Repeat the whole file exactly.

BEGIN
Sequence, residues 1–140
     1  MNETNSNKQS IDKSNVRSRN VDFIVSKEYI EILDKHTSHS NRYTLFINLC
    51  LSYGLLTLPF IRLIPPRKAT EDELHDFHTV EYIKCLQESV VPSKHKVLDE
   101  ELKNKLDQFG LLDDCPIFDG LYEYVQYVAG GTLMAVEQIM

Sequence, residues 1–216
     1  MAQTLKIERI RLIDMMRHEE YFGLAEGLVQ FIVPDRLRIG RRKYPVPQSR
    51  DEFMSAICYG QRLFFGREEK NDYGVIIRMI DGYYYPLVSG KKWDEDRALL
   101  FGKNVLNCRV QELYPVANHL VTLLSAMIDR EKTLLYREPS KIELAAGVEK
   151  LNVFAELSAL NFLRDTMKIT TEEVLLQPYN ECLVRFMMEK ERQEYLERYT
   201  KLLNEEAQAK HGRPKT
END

Sequence, residues 1–140
     1  MNETNSNKQS IDKSNVRSRN VDFIVSKEYI EILDKHTSHS NRYTLFINLC
    51  LSYGLLTLPF IRLIPPRKAT EDELHDFHTV EYIKCLQESV VPSKHKVLDE
   101  ELKNKLDQFG LLDDCPIFDG LYEYVQYVAG GTLMAVEQIM

Sequence, residues 1–216
     1  MAQTLKIERI RLIDMMRHEE YFGLAEGLVQ FIVPDRLRIG RRKYPVPQSR
    51  DEFMSAICYG QRLFFGREEK NDYGVIIRMI DGYYYPLVSG KKWDEDRALL
   101  FGKNVLNCRV QELYPVANHL VTLLSAMIDR EKTLLYREPS KIELAAGVEK
   151  LNVFAELSAL NFLRDTMKIT TEEVLLQPYN ECLVRFMMEK ERQEYLERYT
   201  KLLNEEAQAK HGRPKT